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Movie Review: Miss Peregrine’s Home for Peculiar Children

My very first impression of Tim Burton’s Miss Peregrine’s Home for Peculiar Children was that it was every bit as magical and delightful as the early Harry Potter movies (the ones before the story took a decidedly grim turn). The visuals were a delight, the peculiar children endearing, and the horrible monsters creepy and spine-tingling. Burton got it just right – you can tell it’s his film, but he doesn’t go over the top with the weirdness, as he had done with the Alice movies and his remake of Willy Wonka and The Chocolate Factory.

The movie tells the story of Jacob (Asa Butterfield), whose wacky old grandfather spent his lifetime filling the young boy’s head with tales of a special school for particularly unique children on a remote island off the coast of Wales, led by the mysterious Miss Peregrine (beautifully played by incomparable Eva Green, with her large smoky eyes and husky voice). Jacob’s parents always dismissed Grandpa’s stories, believing they were a metaphor for his experiences as a Jewish child sent away to escape the horrors of WWII Germany. But things change dramatically when Jacob finds his grandfather near death in the woods behind his home, and sees horrific spindly-legged creatures hovering nearby.

No one believes Jacob, of course, and his parents send him to a shrink, who encourages him to travel to the island to discover the truth about his grandfather. Dad reluctantly agrees to the trip, and it is there that Jacob enters the fantastical world of Miss Peregrine and her brood of “peculiar” children: Emma, who, if not wearing steel boots, can fly, Olive, who can start fires with her hands, Enoch, a bully who could stick hearts into objects and make them come alive. There’s also an invisible boy, a strong girl, and a boy who has bees living inside of him.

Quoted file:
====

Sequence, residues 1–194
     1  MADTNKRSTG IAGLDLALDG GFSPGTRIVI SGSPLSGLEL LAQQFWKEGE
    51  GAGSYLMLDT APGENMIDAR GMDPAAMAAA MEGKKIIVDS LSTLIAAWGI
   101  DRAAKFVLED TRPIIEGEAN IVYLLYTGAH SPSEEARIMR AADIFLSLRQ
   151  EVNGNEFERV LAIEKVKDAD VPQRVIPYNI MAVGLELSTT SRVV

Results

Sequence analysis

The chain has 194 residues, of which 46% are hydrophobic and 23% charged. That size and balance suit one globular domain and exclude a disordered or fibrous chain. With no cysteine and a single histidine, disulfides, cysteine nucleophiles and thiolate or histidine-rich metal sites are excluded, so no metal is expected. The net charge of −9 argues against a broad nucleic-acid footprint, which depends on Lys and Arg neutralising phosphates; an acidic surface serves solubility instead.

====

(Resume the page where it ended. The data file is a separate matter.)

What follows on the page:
Jake learns that he too is peculiar – he is one of the few who can see the monsters – the wights and the Hollows, whose goal is to destroy the “embrynes” – those women who can transform into birds and control time, like Miss Peregrine. When the school is attacked and Miss Peregrine and another embryne captured, the peculiars embark on a spectacular adventure to save them.

I enjoyed the film so much I had to go out right away and read the novel. Which was somewhat of an uh-oh, as it totally changed my perception of the film. Those who have read the books before seeing the movie are going to have a few problems with it. The first being the major change in the character of Emma, who in the book is tough, resilient, and is the fire starter, not the sweet, floating blonde angel depicted in the film. The other major problem is that the film goes way beyond the events of the first book, dipping into books two and three. The books are also way more serious in tone, and much, much darker (as in lots of people die).

I really wanted to the love the film for just being what it was, but am also disappointed, having read the books now, in that it misses so much of what it could have been.

Written by Arlene Allen

Hello, my name is Arlene Allen, and I love all things nerd: genre tv and movies, books, loud rock and roll music, kittens, conventions, books, graphic novels and superheroes, RPG and tabletop games, and did I say books? Oh, yes. I spent 25 years as a librarian (nerd) mainly working with youth (creating nerds), a number of years as a teacher (more nerd indoctrination). I have my own spawn, leveled up to 22 and my partner in nerdiness. As a nerdy writer, I have found a home at Talk Nerdy With Us.

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